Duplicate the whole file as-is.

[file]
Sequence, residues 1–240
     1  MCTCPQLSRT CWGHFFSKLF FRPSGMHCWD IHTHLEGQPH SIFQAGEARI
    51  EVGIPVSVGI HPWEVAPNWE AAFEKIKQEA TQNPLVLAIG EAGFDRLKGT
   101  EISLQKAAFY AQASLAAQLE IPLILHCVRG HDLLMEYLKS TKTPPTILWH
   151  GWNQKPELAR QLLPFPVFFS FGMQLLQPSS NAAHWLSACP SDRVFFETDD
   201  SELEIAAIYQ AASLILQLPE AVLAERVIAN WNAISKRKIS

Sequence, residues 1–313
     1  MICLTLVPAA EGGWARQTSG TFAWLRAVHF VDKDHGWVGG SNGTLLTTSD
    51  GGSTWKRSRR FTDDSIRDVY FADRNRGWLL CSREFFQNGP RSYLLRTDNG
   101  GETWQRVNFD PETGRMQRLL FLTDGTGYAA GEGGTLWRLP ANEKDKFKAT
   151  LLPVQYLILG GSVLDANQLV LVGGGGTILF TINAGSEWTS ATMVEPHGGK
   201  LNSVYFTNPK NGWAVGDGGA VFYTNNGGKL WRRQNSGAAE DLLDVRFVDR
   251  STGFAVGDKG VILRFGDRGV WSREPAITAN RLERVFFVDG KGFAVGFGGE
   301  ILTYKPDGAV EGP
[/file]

Sequence, residues 1–240
     1  MCTCPQLSRT CWGHFFSKLF FRPSGMHCWD IHTHLEGQPH SIFQAGEARI
    51  EVGIPVSVGI HPWEVAPNWE AAFEKIKQEA TQNPLVLAIG EAGFDRLKGT
   101  EISLQKAAFY AQASLAAQLE IPLILHCVRG HDLLMEYLKS TKTPPTILWH
   151  GWNQKPELAR QLLPFPVFFS FGMQLLQPSS NAAHWLSACP SDRVFFETDD
   201  SELEIAAIYQ AASLILQLPE AVLAERVIAN WNAISKRKIS

Sequence, residues 1–313
     1  MICLTLVPAA EGGWARQTSG TFAWLRAVHF VDKDHGWVGG SNGTLLTTSD
    51  GGSTWKRSRR FTDDSIRDVY FADRNRGWLL CSREFFQNGP RSYLLRTDNG
   101  GETWQRVNFD PETGRMQRLL FLTDGTGYAA GEGGTLWRLP ANEKDKFKAT
   151  LLPVQYLILG GSVLDANQLV LVGGGGTILF TINAGSEWTS ATMVEPHGGK
   201  LNSVYFTNPK NGWAVGDGGA VFYTNNGGKL WRRQNSGAAE DLLDVRFVDR
   251  STGFAVGDKG VILRFGDRGV WSREPAITAN RLERVFFVDG KGFAVGFGGE
   301  ILTYKPDGAV EGP